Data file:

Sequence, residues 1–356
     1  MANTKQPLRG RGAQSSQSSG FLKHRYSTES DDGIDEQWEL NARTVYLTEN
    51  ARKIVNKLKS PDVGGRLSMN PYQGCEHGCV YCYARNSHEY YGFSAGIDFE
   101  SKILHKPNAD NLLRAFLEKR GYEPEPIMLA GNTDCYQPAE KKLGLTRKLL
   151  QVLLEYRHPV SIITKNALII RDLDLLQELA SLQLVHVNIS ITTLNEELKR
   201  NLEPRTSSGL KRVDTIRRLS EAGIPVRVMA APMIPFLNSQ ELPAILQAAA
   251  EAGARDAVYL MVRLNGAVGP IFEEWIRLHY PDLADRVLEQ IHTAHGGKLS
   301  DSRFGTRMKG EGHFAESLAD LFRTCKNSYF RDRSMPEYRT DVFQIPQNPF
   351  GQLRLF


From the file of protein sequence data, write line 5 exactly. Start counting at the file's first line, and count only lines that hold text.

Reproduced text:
   151  QVLLEYRHPV SIITKNALII RDLDLLQELA SLQLVHVNIS ITTLNEELKR